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RE: Chipotle! (Smoked Chile Peppers), that fantastic flavor!

The Mexicans, who invented chipotle, smoke the chiles at or below 100-105F (you can hold your hand comfortably in the smoke).

The fire is lit in a pit connected to a pit 5-10' away with a piece of stovepipe on which water can be poured to cool the smoke if necessary. On the smoking pit there is a large grate with chiles arrayed on it. The Mexicans use mesquite because it is readily available.

It takes longer than one whole day. The campesino I talked to said that it usually takes 2-4 days, but I didn't stay to watch. He was smoking both xalapas and serranos.


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RE: Chipotle! (Smoked Chile Peppers), that fantastic flavor!

Willard thank you for comment but unfortuantly i don't think thats going to be an option for most people at home :). Im looking for solutions that an average joe could do :).

Brent


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RE: Chipotle! (Smoked Chile Peppers), that fantastic flavor!

Brent

Check your library for DeWitt's "The Pepper Garden". He discusses them and tells how to make them in a backyard Webber-type barbeque with a lid.

John


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RE: Chipotle! (Smoked Chile Peppers), that fantastic flavor!

I smoked some ripe jalapenos in a box stand-up smoker unit using hickory wood for about 8-10 hours. I was very happy with the end result. Analyzing powder taste for authenticity and perfection is so difficult unless you have many lined up. I'm always seeking a benchmark, but not sure what it would be.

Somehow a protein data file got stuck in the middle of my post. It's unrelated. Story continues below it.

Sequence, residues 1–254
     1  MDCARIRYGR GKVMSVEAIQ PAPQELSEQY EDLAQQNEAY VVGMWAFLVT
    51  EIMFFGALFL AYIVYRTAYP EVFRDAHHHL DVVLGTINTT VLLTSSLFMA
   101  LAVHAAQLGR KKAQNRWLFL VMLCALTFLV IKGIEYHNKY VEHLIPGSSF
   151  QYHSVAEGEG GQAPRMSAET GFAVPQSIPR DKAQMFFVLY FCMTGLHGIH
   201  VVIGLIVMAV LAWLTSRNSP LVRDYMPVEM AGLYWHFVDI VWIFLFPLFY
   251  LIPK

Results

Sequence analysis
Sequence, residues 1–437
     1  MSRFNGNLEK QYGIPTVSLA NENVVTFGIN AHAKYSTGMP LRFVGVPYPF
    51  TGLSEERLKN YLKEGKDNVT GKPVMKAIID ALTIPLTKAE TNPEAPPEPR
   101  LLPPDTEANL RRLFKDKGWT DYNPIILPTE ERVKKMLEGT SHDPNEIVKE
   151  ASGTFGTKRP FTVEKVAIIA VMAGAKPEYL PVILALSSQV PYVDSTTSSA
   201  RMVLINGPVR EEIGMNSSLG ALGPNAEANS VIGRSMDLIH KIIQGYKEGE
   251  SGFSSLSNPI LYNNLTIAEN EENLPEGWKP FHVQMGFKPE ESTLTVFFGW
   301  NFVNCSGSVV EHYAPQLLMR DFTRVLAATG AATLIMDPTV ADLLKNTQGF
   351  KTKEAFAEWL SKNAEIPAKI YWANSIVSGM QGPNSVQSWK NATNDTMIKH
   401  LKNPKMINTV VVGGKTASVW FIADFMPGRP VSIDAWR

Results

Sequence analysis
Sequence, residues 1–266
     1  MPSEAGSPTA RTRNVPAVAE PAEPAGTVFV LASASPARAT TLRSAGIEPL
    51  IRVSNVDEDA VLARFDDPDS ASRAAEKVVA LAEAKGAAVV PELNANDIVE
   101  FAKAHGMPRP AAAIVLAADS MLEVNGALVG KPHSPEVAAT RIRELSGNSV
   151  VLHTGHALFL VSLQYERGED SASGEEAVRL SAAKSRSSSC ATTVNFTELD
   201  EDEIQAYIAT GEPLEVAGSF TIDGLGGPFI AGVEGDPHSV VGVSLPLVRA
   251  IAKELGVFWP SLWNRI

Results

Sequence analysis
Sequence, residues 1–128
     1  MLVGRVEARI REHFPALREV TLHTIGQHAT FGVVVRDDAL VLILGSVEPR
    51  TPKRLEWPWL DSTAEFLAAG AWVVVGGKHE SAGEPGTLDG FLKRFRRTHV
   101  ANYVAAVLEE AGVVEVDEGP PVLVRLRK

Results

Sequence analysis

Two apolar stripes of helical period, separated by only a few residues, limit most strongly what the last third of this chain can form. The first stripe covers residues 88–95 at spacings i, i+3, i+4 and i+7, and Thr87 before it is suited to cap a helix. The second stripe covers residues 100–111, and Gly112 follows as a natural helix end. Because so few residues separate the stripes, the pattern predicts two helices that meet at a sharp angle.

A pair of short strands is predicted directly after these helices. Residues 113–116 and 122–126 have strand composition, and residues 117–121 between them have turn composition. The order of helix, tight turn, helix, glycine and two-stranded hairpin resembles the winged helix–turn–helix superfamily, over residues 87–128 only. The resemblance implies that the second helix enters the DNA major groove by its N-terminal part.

There is a person on another forum who seems to infuse smokiness into a powder to perfection from what I hear.

Chris


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RE: Chipotle! (Smoked Chile Peppers), that fantastic flavor!

I use a box smoker as well.
Great Outdoors Grill Co. 34" Smoky Mountain Gas Smoker I bought at Wally World.

Depending on the thickness of the pods, I smoke them for approx. +/- 12 hrs.







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RE: Chipotle! (Smoked Chile Peppers), that fantastic flavor!

Nice Paul. I have the same smoker, but the charcoal one. I wish I would have gotten the gas one. By the way, hot much propane do you use in a 12 hour session? That was my concern at $16 a tank.

Chris


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RE: Chipotle! (Smoked Chile Peppers), that fantastic flavor!

Paul: how low are you able to keep temps with that thing?


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RE: Chipotle! (Smoked Chile Peppers), that fantastic flavor!

I want to try smoking some peppers this year. I use willow to smoke sausage, fish, etc. and it gives it a nice red color with a nice smokey taste. Anyone tried willow for smoking peppers?


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RE: Chipotle! (Smoked Chile Peppers), that fantastic flavor!

Chris, because I smoke so infrequently, I alternate the tank between the smoker and my grill.
With 2 side vents and one top vent I keep it on the lowest setting which offers temps. in the 110 - 115F range.
Last time I filled the tank it cost $11.59. I would venture to say that it probably uses as little as or as much as 1/3 of a tank in 12 hours. I never monitored it.

Paul B.